Tests for umbrellas: 'If you're short the spikey things around the umbrella are right at my eye level so be a bit careful eh love?' 'If you are one person, in a high street and not on a golf couse, you do not need an umbrella the size of belgium' 'Bear in mind that they'll go up down but they won't come down up. Think on.'
    There's always one more idiot than you bargained for.
  • BronzieBronzie Posts: 4,927
    They can't even enforce the current scheme for motorised vehicles properly yet (although Automatic Numberplate Recognition is a major new weapon) - how exactly could any scheme for pedal cycles be enforced (presuming it had any benefit, which I can't see it does)?
  • BigWombleBigWomble Posts: 455
    Rob Sallnow's point about VED is spot on. There is no feasible way to tax VED on bicycles. Indeed, it's more than about time that VAT was taken off bicycles.

    At the time of the 'penny farthing', the bicycle was smaller and more vulnerable than a horse and carriage, but at least it was faster (20mph v. 12mph). Now, the horseless carriage is even bigger and faster (20mph v. 35mph). At least the bicycle is on the road as a matter of right, and the car driver is only there by permission. Imagine if the cyclist was licensed.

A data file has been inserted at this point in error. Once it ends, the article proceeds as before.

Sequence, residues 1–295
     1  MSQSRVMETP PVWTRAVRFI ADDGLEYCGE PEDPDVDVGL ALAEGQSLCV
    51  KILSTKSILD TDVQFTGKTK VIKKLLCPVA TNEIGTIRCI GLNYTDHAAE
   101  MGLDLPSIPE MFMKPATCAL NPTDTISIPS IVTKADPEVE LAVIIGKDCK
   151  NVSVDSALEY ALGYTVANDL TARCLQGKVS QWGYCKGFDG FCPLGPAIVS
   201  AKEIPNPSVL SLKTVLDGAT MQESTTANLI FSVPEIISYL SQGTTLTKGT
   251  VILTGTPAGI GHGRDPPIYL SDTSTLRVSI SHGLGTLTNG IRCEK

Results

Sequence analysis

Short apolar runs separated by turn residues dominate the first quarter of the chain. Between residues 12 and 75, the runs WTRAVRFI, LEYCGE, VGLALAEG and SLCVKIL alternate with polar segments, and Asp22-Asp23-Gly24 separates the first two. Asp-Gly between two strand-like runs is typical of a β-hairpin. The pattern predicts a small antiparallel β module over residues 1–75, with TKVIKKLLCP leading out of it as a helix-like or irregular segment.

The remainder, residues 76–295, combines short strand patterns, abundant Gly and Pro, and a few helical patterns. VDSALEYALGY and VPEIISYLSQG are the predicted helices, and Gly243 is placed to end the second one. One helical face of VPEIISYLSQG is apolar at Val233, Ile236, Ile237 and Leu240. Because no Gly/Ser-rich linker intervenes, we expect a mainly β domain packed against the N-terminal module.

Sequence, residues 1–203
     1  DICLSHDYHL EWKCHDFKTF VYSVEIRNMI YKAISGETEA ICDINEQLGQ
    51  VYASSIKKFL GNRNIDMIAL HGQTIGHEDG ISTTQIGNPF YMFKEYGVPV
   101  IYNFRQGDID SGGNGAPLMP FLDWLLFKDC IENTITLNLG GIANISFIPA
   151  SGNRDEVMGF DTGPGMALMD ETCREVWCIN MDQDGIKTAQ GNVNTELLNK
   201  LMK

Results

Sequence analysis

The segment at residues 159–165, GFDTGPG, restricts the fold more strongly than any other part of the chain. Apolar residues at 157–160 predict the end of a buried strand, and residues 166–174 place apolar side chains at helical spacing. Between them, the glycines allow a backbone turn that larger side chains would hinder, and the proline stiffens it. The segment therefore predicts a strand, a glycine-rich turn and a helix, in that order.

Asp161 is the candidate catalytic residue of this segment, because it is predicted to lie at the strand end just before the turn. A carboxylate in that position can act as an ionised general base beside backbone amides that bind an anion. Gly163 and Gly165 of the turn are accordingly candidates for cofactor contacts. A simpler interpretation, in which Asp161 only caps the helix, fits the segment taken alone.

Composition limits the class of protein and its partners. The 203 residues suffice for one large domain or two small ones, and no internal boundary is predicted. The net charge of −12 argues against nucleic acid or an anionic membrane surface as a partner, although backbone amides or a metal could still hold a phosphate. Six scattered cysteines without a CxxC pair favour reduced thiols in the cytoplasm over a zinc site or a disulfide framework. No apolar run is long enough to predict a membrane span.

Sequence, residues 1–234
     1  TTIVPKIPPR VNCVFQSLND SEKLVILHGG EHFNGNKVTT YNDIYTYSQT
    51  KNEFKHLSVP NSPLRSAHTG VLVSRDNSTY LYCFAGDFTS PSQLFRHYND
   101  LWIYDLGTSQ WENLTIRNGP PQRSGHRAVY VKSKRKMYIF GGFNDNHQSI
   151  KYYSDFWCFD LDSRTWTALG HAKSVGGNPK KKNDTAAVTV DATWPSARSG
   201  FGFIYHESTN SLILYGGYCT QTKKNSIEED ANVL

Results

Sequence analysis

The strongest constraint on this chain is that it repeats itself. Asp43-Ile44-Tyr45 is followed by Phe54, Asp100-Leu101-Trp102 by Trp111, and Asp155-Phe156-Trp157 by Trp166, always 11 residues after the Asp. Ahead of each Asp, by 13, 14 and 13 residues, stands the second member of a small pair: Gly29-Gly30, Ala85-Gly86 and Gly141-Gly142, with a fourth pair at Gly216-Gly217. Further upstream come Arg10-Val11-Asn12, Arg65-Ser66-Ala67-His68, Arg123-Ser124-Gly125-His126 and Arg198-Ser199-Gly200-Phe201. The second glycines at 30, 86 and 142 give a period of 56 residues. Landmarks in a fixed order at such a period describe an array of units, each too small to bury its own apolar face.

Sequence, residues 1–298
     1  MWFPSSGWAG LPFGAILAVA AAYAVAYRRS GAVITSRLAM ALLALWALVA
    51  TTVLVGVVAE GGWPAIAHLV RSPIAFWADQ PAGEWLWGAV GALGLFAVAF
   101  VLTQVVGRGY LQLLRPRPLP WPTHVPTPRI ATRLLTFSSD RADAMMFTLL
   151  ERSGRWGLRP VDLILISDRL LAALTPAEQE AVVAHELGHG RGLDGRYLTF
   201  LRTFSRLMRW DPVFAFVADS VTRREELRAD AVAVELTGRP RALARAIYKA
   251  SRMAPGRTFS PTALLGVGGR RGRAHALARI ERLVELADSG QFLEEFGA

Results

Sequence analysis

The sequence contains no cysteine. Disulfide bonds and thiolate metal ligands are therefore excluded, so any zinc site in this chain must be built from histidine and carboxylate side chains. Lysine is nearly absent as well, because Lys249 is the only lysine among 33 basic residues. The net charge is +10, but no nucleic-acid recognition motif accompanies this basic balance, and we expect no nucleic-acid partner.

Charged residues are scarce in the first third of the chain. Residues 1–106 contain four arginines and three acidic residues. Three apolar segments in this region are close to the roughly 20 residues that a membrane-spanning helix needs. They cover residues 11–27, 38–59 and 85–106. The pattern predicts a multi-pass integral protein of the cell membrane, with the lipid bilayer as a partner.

Firstly, the minority of car drivers who go for cyclists would if anything go for them more, and the classic defence of cycling by right would no longer be there. Secondly, many people who currently cycle couldn't do so, for example, children, and ex-prisoners. I learnt to ride a bicycle as a child, with licensing I wouldn't have been able to. We also want to rehabilitate criminals, and giving them a bicycle and training them to use it gives them the transport they need to start out in life.

    Thirdly, it won't be long before there are calls to remove cyclists from certain categories of road (they get in my way, it's for their own good).

    If people were really serious about increasing the safety of cyclists then they would provide cycle training, as follows:

    1. Provide it everywhere in the UK, not just some councils.
    2. Provide it free of charge (since persuading people that bicycles should cost more than £50 is going to be difficult, and charging £20/hr on top isn't going to work).
    3. Offer it at the time of purchase.

    Point 3 is important. I bought my older bicycle in Cheltenham, and paid the princely sum of £170 for it. I then had to get it home, not having ridden a bicycle in over 10 years. I was a bit rusty. I made it home, but there was lot of wobbling going on. :oops: It would be better, I think, to offer them free :D training when they buy the bicycle and take the bicycle to the training centre in the back of a van. That way, they start out cycling on the road after some training, and not before it.